Disney/Pixar’s Finding Dory released in theaters over the weekend (June 17), which is the follow up to Finding Nemo. Normally, a thirteen year time span between movies would leave much to be desired– especially for a film that really didn’t need a sequel; and yet, Finding Dory still seems relevant, fresh and exciting.
Finding Dory takes place a year after the events of Finding Nemo. All of our characters are are happily living their lives in the Great Coral Reef, especially Dory, who finds herself rooted in a permanent home and surrounded by caring friends. It’s fairly touching, as from what we could gather from the first film, Dory’s never really had any real support during her previous journey. As you might recall, Dory’s most notable attribute is her short-term memory loss, which led to some comedic points in Finding Nemo as information came and went almost instantaneously. In retrospect, it’s actually heartbreaking to think about, as you have to wonder how Dory even managed to wind up where she did. Well, Finding Dory sets out to answer that question– as a plot device– err, talk about the undertow, triggers a flashback of Dory’s parents. And if you’ve seen any of the trailers, then you know that the three set off to find Dory’s parents.
While Finding Nemo was about Marlin’s journey to find his son, and ultimately sets the stage for his character growth, Finding Dory takes an alternative approach. The journey itself is actually seemingly short, as the characters all arrive at their destination within one scene– and that’s because the journey focuses on how Dory deals with her mental disability. (Yeah, the movie about fish is about to get real). While it served as a cute joke in the first film (and still does at times here), it can be extremely heartbreaking to watch Dory struggle with her inability to remember even the most simplistic information. What’s great about Dory though is her unrelenting optimism and unorthodox way of looking at situations. While we see other characters, like Marlin, find themselves in bad situations too, it’s only when they “think like Dory” that they overcome their obstacles. Because while Dory might have short-term memory loss, it doesn’t define who she is as a person (fish).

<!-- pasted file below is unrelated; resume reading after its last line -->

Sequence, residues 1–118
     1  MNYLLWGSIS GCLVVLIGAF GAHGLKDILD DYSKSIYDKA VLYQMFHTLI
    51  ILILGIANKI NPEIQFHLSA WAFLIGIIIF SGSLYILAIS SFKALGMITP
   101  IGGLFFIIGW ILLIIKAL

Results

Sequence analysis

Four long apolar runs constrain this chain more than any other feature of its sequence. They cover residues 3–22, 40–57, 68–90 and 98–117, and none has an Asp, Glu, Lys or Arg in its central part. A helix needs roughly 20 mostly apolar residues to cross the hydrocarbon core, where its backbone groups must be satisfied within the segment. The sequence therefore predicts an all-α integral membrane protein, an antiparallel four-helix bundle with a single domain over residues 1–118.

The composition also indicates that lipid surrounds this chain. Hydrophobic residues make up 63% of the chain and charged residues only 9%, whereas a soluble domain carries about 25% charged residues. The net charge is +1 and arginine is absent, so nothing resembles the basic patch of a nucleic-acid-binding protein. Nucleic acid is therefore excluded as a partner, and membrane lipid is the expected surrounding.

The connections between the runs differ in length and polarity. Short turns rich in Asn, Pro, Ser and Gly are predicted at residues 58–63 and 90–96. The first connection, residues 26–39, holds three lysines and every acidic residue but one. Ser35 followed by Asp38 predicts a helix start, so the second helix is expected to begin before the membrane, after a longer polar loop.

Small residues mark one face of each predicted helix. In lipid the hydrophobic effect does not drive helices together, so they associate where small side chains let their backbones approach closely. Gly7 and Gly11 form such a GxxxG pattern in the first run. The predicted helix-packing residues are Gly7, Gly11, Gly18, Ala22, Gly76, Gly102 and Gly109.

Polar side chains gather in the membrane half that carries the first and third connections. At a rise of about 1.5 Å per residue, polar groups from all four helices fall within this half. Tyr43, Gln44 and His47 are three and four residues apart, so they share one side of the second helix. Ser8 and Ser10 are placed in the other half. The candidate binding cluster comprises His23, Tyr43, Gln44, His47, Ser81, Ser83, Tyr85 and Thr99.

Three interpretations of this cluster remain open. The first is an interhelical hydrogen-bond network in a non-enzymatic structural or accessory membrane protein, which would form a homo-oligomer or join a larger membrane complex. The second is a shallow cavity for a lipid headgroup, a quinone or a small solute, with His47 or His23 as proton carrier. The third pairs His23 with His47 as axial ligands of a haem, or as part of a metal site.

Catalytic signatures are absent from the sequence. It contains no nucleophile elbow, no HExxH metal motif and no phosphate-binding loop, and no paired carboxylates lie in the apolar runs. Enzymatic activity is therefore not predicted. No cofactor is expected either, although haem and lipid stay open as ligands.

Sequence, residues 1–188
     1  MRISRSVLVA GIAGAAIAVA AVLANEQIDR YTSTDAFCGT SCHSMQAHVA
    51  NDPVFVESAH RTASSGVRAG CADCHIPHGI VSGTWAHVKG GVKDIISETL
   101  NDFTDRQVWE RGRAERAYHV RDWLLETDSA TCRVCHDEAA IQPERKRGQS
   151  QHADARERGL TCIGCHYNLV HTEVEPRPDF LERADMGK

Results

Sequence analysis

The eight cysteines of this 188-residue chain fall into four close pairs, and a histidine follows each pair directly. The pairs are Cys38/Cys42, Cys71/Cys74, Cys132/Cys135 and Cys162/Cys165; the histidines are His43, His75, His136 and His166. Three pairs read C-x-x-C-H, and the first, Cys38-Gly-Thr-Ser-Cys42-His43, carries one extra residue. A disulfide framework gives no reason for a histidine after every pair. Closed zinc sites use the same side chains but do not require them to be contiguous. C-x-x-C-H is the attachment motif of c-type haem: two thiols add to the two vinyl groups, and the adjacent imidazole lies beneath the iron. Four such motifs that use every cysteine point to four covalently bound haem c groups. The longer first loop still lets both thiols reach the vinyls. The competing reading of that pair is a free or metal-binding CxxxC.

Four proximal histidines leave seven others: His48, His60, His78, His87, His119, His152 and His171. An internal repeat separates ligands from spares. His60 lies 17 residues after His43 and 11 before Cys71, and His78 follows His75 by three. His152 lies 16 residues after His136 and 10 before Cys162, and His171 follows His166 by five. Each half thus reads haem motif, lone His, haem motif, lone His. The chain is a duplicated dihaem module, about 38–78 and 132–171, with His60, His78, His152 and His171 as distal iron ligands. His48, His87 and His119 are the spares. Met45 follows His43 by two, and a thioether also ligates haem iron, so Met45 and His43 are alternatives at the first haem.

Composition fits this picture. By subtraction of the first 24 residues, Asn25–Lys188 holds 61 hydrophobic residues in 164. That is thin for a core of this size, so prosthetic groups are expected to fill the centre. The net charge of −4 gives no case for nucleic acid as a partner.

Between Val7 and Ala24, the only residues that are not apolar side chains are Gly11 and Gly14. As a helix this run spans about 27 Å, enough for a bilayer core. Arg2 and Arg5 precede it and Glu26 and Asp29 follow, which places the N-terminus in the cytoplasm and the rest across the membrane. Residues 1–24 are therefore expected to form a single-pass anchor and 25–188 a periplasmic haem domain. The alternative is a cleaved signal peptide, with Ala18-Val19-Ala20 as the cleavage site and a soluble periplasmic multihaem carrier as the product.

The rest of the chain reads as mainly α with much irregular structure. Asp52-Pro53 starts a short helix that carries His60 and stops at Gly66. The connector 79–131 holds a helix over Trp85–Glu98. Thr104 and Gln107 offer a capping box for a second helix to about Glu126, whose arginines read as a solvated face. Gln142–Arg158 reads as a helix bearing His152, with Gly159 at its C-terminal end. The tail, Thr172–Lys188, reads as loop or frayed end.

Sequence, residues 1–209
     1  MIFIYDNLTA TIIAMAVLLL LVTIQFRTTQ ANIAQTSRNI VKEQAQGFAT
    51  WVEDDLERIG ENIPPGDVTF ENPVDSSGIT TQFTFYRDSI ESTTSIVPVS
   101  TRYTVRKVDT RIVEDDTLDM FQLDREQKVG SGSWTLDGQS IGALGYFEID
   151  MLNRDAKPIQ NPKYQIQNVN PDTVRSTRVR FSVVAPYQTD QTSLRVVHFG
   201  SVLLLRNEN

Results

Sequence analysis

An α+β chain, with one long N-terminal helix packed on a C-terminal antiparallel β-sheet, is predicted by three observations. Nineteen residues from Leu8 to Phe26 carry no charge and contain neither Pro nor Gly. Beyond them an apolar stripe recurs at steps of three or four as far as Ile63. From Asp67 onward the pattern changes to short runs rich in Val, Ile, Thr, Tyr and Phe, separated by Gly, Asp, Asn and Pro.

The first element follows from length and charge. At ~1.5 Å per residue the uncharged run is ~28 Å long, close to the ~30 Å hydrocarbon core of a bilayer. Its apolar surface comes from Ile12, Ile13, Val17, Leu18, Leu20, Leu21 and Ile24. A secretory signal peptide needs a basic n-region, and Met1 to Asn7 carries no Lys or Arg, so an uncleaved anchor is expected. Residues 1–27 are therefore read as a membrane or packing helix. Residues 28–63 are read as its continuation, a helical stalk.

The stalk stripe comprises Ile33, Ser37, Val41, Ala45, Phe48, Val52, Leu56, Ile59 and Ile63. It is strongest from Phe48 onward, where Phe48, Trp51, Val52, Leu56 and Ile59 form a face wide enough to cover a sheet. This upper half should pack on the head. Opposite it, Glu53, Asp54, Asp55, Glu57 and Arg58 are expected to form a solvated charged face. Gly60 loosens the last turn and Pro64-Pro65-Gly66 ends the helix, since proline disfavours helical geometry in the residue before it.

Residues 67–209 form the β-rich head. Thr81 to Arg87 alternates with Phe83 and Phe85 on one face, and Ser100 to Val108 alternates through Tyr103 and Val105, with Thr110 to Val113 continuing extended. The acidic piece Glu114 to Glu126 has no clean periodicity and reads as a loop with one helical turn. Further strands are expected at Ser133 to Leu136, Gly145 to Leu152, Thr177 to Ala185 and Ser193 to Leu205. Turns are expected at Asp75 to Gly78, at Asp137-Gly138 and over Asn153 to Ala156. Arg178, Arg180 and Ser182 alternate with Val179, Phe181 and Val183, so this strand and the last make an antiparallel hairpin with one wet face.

What could have easily been a cheap cash-in for nostalgia, produced a charming and heartwarming story that was unexpected. Did we need Finding Dory? No, not really, but I’m glad it exists. It’s just as well-made as the original film and can easily stand on its own.
**Side note PSA: If you enjoy Nemo and Dory, then respect the damn ocean and wildlife. I started working in a pet store in 2005 and at least once a week (for 8 years) I was asked whether we carried “Nemo fish.” We didn’t. But the sheer vigor of some parents to shut their kids up led to an increase in clown fish sales– and very likely, clown fish death since people seem to think maintaining a small ecosystem is easy and (literally) effortless. It isn’t. And if you think adding a blue tang to your newly purchased salt water tank is a good idea, remember that the fish you purchase was more than likely snatched from its home in the wild. If you’re legitimately serious about dumping the money into a salt water tank, then do your research and make sure you purchase captive bred fish– otherwise you’re contributing to a conservation problem. And that’s not cool.